This is a guest post by Mike Scanlin of Born To Sell.
“Covered call” investing is a popular and conservative options-based income-oriented strategy. According to a recent Wall Street Journal article, 84% of Charles Schwab option-enabled accounts trade covered calls. Because of the downside protection granted from the call premium received, they are more conservative than their nearest cousin, the buy-and-hold strategy.
However, like all investment strategies it is possible to lose money with covered calls. There are ways to reduce your risk and stack the odds in your favor. A lot of it has to do with staying away from high risk situations, but there are also positive things you want to look for.
Here are the top 10 ways to improve your covered call investing:
1. Avoid leveraged ETFs. Leveraged ETFs, which are like normal ETFs except they use 2x or 3x leverage to magnify the results compared to an unleveraged ETF, are mostly day trading instruments not designed to be held over night. Not appropriate for covered calls. You can usually identify leveraged ETFs because they have words like “ultra” or “leveraged” in their names.
2. Avoid companies with earnings release dates before option expiration. Stocks are extra volatile just before and after an earnings release date. While that volatility can make for attractive call premiums, you don’t want the underlying stock to drop 20% overnight because of bad results or poor guidance.
3. Don’t count on the FDA. When there is an FDA announcement, biotech and pharmaceutical stocks tend to get cut in half or double instantly. In either scenario, covered calls are not the best strategy to take advantage of that kind of volatility. You will rarely get enough premium to cover the downside case and if you’re going to take the risk then why put a cap on your upside?
4. Avoid thinly traded stocks. Large volume makes for small spreads. The opposite is also true: thinly traded stocks and options have large spreads. These large spreads will cost you if you need to exit your position early or make an adjustment to your position. Better to stick with highly liquid stocks, or at least avoid the illiquid ones.
5. Avoid options with low open interest. Similar to #4 above, you don’t want to be in an option series that has low open interest. If you ever need to exit early you are unlikely to get a fair price in a series with low open interest. The series should have at least 2000 contracts of open interest, but as little as 1000 is probably okay.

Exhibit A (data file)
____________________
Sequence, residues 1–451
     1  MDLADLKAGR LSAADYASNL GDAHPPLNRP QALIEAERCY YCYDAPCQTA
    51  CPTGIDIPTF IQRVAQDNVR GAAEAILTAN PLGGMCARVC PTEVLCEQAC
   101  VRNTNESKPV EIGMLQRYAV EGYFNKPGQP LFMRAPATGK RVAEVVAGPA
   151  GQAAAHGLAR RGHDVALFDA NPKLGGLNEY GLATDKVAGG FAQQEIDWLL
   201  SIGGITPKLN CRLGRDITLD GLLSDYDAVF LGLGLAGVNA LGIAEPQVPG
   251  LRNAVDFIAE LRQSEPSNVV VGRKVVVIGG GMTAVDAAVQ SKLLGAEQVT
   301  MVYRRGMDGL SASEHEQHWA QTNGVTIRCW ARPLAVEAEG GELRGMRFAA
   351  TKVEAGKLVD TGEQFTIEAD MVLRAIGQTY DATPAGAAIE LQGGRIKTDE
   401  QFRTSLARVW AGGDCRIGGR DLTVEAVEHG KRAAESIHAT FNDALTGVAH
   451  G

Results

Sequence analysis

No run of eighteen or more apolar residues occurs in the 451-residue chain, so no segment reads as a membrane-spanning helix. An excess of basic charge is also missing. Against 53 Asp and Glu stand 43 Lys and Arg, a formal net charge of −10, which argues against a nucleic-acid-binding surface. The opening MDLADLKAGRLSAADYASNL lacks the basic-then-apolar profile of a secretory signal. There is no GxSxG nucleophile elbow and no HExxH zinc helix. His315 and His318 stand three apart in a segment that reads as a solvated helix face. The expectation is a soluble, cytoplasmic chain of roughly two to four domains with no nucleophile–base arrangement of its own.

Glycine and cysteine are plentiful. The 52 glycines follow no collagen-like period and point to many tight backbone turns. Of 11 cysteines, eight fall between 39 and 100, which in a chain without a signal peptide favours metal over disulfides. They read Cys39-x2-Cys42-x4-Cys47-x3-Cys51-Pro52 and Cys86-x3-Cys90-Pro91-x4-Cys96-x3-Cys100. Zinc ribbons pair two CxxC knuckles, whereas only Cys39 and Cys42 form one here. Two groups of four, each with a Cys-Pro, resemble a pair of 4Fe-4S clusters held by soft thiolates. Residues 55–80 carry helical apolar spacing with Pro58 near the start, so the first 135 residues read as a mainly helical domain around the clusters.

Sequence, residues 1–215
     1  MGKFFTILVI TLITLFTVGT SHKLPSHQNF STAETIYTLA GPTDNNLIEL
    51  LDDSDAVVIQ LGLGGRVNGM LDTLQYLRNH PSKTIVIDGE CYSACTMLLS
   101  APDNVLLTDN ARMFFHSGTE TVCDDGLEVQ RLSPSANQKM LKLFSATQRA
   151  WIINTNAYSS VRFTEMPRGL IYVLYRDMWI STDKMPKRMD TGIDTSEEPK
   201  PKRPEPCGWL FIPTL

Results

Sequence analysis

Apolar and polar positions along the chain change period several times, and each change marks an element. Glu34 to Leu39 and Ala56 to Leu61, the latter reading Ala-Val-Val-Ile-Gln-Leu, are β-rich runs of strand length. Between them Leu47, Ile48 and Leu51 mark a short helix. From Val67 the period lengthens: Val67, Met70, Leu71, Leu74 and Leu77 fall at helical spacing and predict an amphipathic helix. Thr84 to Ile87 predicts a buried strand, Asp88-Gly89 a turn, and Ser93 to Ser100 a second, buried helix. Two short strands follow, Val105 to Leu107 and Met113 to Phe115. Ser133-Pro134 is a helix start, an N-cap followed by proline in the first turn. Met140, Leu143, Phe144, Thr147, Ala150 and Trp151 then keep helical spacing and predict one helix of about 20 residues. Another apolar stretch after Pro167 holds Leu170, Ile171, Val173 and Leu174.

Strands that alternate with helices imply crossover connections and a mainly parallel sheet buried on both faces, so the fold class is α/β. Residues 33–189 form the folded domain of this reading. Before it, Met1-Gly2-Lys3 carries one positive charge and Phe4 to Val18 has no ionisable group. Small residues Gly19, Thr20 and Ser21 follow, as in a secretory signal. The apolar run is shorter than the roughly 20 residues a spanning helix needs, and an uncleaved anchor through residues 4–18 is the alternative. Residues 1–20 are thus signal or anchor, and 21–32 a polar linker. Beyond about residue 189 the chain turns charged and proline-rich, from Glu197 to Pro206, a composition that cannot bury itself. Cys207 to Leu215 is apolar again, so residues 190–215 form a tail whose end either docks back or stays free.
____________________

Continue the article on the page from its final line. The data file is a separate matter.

6. Don’t chase highest return without knowing why. It’s easy to find the top yielding covered calls but those need to be viewed with a skeptical eye. Why are those options priced so high? Is there some pending news announcement? Or is the stock a momentum play? Or a short squeeze? There’s almost always a discoverable reason for juicy premiums and you want to make sure you know what it is before getting involved. Do some research.
7. Position sizing is important. Don’t put all your eggs (or even 20% of your eggs) into a single investment. If you have a small portfolio, limit each position to no more than 10% of the portfolio value; larger portfolios should target no more than 5% in a single position. If you can’t meet those goals then consider doing covered calls on diversified ETFs which have built-in diversification.
8. Dividends before option expiration are good. If the stock is going to pay a dividend then set yourself up to receive the dividend as well as the call premium. Look for ex-dividend dates before option expiration. Be aware, though, that if there is very little time premium remaining in the option on the day before the ex-dividend date then you may be subjected to early exercise.
9. Diversify. Don’t put all your covered call trades in the same industry sector. Spread them around to different sectors to avoid too much sector concentration and correlation. And, again, if your portfolio is on the smaller side then consider broad-based ETFs as they are a basket of stocks and remove much of the single-stock and single-sector risk.
10. Be prepared to own the underlying stock. Even the best laid plans sometimes don’t work out. If you’re selling short-term in the money or deep in the money options with the expectation that they will be called away, realize that they may not be called away. You may end up owning the stock after expiration. If you’re not comfortable with owning it then choose a different stock for a covered call.
Mike Scanlin is the CEO of Born To Sell, a web site dedicated to covered call investing. He has been investing in options for over 30 years. You can read more articles from Mike on his Covered Call Blog.